Got up at 6.30 … Felt like middle of the night, but they want us in the main meeting room by 7.45, freshly showered and fed. Thankfully, they do decent coffee here!
Great opening by Peter Scott from the Open University: Great content its king – but only if backed up by context, reflection, engagement and assessment. Like the idea that you have to DESIGN courses to suit these needs, transforming teachers into mentors. For them, iBooks is much more than a book – it’s a virtual learning environment. He even goes so far as to say that VLEs will eventually kill apps … Guess he is right, too. We’ll probably be going deeper into this during the workshop this afternoon.
Next up was Bill Frakes, Sports Illustrator Photograph, working on behalf of Apple for quite some time. His pics are amazing, telling great stories in a nutshell. His videos, too, are heavily focussed on telling the story. He uses very little technical tools or tricks of the trade, but brings in the camera as replacement of the eyes of the curious spectator. Love the examples of Mark Coppins school with Sepcial Needs Kids doing stunning things with iPads.
Following a non-disclosure event, we had two sessions on iBooks Authors and iTunes U Course Manager. Got loads of information, but couldn’t really let it sink in yet .. Will definitely look into how to use video-hotspots into iBooks .. very cool feature for panorama pictures, tests or interactive pages. I must admit that I am rather tired now – glad the dinner break is approaching! Slightly unsure as to how fit I will be for the evening session …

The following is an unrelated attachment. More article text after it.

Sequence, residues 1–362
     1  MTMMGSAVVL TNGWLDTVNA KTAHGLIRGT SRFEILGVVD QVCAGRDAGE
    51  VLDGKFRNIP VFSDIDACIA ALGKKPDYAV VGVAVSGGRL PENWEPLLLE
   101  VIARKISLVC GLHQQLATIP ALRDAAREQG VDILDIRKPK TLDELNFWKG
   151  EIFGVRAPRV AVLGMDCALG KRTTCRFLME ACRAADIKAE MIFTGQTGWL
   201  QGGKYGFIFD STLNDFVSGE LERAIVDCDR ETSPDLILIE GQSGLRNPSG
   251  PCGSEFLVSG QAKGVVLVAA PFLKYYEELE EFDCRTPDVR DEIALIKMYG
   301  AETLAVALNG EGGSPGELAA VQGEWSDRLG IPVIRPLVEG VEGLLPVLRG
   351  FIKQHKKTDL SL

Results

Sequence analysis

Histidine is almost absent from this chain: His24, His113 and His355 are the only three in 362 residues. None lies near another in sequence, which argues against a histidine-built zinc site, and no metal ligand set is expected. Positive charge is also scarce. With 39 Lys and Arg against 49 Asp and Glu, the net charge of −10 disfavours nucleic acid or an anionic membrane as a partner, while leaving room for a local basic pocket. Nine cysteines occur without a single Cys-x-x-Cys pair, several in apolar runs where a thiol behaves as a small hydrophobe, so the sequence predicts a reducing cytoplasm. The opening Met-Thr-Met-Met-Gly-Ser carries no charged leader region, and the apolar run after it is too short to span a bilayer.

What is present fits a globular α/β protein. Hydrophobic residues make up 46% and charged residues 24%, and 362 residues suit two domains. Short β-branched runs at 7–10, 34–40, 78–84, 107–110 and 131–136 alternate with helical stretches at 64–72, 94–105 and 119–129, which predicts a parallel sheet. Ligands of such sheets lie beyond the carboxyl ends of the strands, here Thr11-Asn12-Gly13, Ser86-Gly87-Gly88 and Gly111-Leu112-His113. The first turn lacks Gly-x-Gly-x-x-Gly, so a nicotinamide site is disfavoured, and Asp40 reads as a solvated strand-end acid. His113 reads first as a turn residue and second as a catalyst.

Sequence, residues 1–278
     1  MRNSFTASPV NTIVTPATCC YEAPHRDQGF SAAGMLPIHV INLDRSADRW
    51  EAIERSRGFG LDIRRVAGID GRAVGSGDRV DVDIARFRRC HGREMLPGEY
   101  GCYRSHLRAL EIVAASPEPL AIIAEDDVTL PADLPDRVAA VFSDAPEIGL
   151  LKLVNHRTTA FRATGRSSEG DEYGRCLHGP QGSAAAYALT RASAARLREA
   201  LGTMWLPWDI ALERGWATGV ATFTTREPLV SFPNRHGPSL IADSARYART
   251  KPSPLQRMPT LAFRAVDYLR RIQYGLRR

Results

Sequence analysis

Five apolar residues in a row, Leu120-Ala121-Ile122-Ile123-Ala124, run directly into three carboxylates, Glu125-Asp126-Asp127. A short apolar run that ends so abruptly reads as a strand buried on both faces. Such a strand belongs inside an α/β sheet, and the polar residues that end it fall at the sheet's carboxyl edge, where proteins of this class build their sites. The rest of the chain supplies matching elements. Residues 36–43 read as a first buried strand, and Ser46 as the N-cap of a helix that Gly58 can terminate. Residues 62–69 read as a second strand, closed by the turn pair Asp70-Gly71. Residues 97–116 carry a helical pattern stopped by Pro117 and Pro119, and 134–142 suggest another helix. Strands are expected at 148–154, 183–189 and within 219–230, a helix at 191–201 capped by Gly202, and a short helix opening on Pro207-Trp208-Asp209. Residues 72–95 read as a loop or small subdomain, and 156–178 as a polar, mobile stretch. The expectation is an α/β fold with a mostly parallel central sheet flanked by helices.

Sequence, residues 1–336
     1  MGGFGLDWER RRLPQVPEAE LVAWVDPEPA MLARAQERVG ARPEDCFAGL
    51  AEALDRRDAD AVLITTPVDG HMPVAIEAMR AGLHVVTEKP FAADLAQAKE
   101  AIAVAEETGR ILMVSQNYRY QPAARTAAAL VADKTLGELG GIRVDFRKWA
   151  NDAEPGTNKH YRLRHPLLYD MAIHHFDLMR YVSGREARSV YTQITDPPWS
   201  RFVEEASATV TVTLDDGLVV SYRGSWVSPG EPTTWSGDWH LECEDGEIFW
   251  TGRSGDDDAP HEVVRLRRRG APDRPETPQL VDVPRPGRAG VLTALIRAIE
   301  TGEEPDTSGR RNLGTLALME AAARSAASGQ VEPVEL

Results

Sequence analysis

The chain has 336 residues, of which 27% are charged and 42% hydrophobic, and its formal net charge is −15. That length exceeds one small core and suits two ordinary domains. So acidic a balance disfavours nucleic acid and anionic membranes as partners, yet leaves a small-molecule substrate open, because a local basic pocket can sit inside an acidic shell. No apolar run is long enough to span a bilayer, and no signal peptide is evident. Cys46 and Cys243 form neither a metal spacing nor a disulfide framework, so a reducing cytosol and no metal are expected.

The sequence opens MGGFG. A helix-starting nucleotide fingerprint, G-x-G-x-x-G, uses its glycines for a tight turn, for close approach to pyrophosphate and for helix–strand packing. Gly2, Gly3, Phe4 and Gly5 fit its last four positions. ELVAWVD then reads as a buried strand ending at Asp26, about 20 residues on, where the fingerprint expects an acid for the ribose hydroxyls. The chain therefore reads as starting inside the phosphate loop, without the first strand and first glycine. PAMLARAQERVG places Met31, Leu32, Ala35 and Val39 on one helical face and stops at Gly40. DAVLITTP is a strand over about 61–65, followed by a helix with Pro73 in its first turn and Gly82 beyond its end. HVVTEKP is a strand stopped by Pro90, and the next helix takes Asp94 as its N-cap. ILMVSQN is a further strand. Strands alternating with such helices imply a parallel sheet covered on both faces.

The evening session was destined for group formation. “My” topic started out with a lot of people interested to work on it somehow, but then they all broke a way one way or other – either abandoning the question of how we can create an environment that fosters creativity entirely, or narrowing it down to the extent of specifics like how to use storytelling or photographing. In the end, it was just Ross Wallis and me who were very passionate about creating a toolbox of sorts to enable teachers to use specific creativity technics or settings to create a structured chaos that would then leave room for creativity. Alas, a group of 2 does not count as a group, so we had to get assignments in other groups. Ross will do something on photography, and I got adopted by a group that is working on digital citizenship.
In the end, it was after 22.30 that we finished, and I was going to retire, but then Werner and I were sorting out some quick matters like Twitter and e-Mail problems he had, and it was after midnight – and one whisky later – that I made it to my room, where I was summing up everything that had happened to Marie: She hadn’t understood most of what had been presented in the workshops, because the people spoke too quickly for her, and had missed out entirely on the group finding activity, not realizing what it was all about. By 2 o’clock, we finally switched off the lights …